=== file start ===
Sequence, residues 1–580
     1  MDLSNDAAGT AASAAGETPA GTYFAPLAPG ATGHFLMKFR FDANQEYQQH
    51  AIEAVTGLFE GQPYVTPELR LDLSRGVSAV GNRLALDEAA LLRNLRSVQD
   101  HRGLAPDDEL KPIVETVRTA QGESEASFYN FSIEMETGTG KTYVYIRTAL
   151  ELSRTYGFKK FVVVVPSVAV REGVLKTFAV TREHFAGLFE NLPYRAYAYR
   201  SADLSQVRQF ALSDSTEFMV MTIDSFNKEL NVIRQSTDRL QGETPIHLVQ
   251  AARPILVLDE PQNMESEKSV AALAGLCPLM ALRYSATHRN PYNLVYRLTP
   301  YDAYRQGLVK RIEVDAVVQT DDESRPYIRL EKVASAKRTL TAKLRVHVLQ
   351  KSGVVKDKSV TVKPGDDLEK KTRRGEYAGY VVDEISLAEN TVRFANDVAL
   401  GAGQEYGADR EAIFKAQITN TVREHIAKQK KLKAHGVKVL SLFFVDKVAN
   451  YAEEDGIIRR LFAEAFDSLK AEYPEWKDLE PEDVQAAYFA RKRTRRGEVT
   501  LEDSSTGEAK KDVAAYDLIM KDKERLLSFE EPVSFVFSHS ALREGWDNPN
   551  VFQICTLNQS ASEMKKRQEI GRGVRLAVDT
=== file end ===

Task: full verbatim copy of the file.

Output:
Sequence, residues 1–580
     1  MDLSNDAAGT AASAAGETPA GTYFAPLAPG ATGHFLMKFR FDANQEYQQH
    51  AIEAVTGLFE GQPYVTPELR LDLSRGVSAV GNRLALDEAA LLRNLRSVQD
   101  HRGLAPDDEL KPIVETVRTA QGESEASFYN FSIEMETGTG KTYVYIRTAL
   151  ELSRTYGFKK FVVVVPSVAV REGVLKTFAV TREHFAGLFE NLPYRAYAYR
   201  SADLSQVRQF ALSDSTEFMV MTIDSFNKEL NVIRQSTDRL QGETPIHLVQ
   251  AARPILVLDE PQNMESEKSV AALAGLCPLM ALRYSATHRN PYNLVYRLTP
   301  YDAYRQGLVK RIEVDAVVQT DDESRPYIRL EKVASAKRTL TAKLRVHVLQ
   351  KSGVVKDKSV TVKPGDDLEK KTRRGEYAGY VVDEISLAEN TVRFANDVAL
   401  GAGQEYGADR EAIFKAQITN TVREHIAKQK KLKAHGVKVL SLFFVDKVAN
   451  YAEEDGIIRR LFAEAFDSLK AEYPEWKDLE PEDVQAAYFA RKRTRRGEVT
   501  LEDSSTGEAK KDVAAYDLIM KDKERLLSFE EPVSFVFSHS ALREGWDNPN
   551  VFQICTLNQS ASEMKKRQEI GRGVRLAVDT